There’s a relatively short list of must have items:
Something to stir with
Something to strain with
I personally dye in thrift store crockpot about 80% of the time. My amounts are tiny and I utterly appreciate the reality of being able to set it up to simmer somewhere that isn’t in the kitchen because I’m married to someone who loves to cook. This is not a practical solution if you dye kilos of yarn at a time, or have a love for chunky weight, or are dyeing fabric. I generally am dyeing < 100g of thread sized silk or wool. On the rare occaisions that I am working on a bigger batch or something, I have a healthy sized stock pot. It got a little to beat up and bedraggled (and the lid broke) to be one of our ‘nice’ stock pots, so I adopted it into the dye stash. This is another place to keep an eye on yard sales, thrift stores etc. It does not need to be pretty, it just needs to be water tight.
While I’m quite certain that our medieval ancestors did not use a digital scale to calculate their dyestuffs, modern dye work does, especially for natural dye work. I prefer a digital scale and recently got a new super high detail scale (0.01g! Teeeny!) because I routinely need to measure things less than a gram because my full batch of silk is under 10 g. If you exist at sane quantities, then you do not need a scale that makes your friends think you’ve taken up an illicit sales side gig, but that scale you got for that diet is probably sufficient.
Something to stir with
This is seriously basic. For years, I literally used a scrap of 1″x2″ lumber that was convenient, now I’ve levelled up to a dollar store wooden spoon. If you are working over a fire with a large pot, you will want a longer handled spoon. I also like having a couple sacrificial plastic spoons for scooping out mordants and dyestuffs.
Something to strain with
I do have two here, a mesh strainer and a cheapo plastic colander. The first strains out the dyestuff (if it’s very fine, line it with linen or cotton or a coffee filter), and the second holds yarn while I rinse it. These are equally of dollar store vintage and nothing fancy. Thrift store, also an excellent choice.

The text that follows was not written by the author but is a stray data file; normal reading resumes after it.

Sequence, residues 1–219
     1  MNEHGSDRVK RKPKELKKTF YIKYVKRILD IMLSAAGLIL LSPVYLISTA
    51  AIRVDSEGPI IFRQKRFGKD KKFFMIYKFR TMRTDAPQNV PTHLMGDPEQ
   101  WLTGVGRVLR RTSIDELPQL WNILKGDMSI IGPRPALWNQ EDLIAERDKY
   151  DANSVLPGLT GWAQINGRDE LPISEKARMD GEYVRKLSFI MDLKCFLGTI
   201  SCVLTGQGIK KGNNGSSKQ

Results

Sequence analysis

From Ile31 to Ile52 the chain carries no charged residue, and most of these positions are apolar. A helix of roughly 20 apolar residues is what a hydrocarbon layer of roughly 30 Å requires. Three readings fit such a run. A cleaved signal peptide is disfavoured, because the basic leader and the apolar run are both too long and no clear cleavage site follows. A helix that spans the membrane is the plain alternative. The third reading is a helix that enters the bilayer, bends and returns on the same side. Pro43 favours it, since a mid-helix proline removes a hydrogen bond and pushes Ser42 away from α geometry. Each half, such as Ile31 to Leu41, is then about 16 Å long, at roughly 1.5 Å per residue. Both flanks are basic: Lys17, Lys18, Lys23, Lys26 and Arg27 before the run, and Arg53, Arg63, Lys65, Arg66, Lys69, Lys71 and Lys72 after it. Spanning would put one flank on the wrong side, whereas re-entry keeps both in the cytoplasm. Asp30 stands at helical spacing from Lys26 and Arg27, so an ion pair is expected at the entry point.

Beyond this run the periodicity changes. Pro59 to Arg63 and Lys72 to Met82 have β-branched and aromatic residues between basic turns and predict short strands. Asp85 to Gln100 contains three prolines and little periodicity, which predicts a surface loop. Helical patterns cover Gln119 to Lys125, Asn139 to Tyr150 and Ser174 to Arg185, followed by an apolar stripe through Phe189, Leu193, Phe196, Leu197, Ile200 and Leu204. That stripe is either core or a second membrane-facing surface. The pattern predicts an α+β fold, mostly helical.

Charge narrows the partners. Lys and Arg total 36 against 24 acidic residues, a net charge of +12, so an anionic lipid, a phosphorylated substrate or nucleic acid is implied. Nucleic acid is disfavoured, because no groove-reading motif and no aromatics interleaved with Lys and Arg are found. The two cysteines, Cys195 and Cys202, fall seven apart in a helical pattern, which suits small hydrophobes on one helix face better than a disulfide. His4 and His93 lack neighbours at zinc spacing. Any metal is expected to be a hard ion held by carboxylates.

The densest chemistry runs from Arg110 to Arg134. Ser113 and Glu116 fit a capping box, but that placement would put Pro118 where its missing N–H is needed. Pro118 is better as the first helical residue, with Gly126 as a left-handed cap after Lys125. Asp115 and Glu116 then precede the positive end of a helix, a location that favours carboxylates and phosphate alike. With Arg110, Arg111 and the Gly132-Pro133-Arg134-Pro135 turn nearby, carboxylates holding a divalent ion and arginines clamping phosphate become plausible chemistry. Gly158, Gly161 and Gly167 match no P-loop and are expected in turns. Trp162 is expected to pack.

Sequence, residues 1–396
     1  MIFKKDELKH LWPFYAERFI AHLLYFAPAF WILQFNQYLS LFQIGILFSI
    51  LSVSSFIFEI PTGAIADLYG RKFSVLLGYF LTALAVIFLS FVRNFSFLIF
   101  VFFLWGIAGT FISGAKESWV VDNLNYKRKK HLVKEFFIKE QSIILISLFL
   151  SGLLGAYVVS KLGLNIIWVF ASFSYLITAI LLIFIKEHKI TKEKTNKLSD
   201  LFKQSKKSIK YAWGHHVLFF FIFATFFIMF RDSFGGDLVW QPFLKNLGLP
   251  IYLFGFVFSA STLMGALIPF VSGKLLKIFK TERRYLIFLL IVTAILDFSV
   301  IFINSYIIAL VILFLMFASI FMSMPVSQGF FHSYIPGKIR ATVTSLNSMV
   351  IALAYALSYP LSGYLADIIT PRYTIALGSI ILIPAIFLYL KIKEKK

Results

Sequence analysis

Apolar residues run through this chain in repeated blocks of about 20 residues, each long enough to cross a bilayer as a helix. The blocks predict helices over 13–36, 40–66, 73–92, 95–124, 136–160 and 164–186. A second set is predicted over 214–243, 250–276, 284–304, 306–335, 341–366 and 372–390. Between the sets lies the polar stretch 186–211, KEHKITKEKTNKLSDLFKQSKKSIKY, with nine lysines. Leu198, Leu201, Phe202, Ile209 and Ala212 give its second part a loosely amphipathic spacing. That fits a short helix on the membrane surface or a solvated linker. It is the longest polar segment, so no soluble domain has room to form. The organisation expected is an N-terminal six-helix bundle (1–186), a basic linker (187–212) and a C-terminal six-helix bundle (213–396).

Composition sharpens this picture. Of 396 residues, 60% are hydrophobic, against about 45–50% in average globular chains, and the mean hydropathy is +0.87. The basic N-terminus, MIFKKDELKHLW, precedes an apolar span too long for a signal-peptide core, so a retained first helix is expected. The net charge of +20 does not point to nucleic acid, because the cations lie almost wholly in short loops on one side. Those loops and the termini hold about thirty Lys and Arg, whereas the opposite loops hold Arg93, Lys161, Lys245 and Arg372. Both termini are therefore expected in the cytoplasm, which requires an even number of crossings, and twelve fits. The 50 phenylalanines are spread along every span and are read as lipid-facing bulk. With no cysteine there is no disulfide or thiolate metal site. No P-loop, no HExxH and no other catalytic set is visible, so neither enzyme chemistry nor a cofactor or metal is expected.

Random extra bits
I also seem to always have a couple plastic pots (yogurt pots, or peanut butter jars, or ricotta or the like) to hold yarn while I weigh it, or hold onto sodden stuff, or be a little cup to hold my mordant or dye stuff while I weigh it, or to let some dye soak a while first, or other found bits and pieces just to hold things such that I am not getting my countertops red. (or blue.. or or or..) I also own gloves to keep my hands from becoming multicoloured, but I don’t always remember to wear them. Any gloves will do, I tend towards the dishwashing ones because I prefer reusing them and they hold up better to being used. I destroy a pair of disposable gloves faster than you can blink and then my hands are walnut brown anyhow.
This is a wholly modern recipe, so if you’re looking for period muffins, well you are probably right out of luck. But if quarantine cooking has landed you interested in a choose your own adventure style muffin recipe, c’mon along for the chattery ride. You’re going to want the commentary on the way the first time through, but I’ll try and condense it into a real-ish recipe at the end. Also, my apologies for being wholly and entirely Canadian about my measurements.
So! I make these muffins about once a week around here, and they are never the same twice. I work by weight when I bake, so grab that scale you got to diet with and have ignored ever since and make yourself more carbs.
Starting with the dry ingredients you’re looking for:
1/2 tsp salt
2 tsp soda
The flour can be a mix of all purpose and whole wheat but aim for at least half AP. The oats can be quick oats or large flake oats (steel cut oats are no go.) Sugar can be white or brown or a mix. Give that a good mix up.
Add in dried fruit until you’re happy. In this house that’s usually raisins, but it can be chopped dates, dried cranberries, currants, leftover fruit from fruitcake season, whatever’s handy and sounds tasty. Give that a quick mix in. Next up is a scoopy spatula full of jam. Whatever sounds tasty today. This is an excellent place to use that jam that didn’t set, or the one that someone gave you that isn’t really that good on toast. If you’re going to leave just scrapings in the jar after a good scoop, toss the rest in. No one likes someone who puts a jar of just scrapings back in the fridge, don’t be that person. (I’ve been using up a batch of failed marmalade in muffins for the entirety of the plague so far, and it’s been brilliant. It overcooked but didn’t burn, and that deep caramel and citrus flavours have been amazing. I am sad that today’s muffins are the last of it.) Consider how strongly flavoured your jam is and add spices to suit, or just because you love them. Cinnamon, nutmeg, cloves, cardamom, anise, whatever makes you happy. You want cayenne muffins, you do you.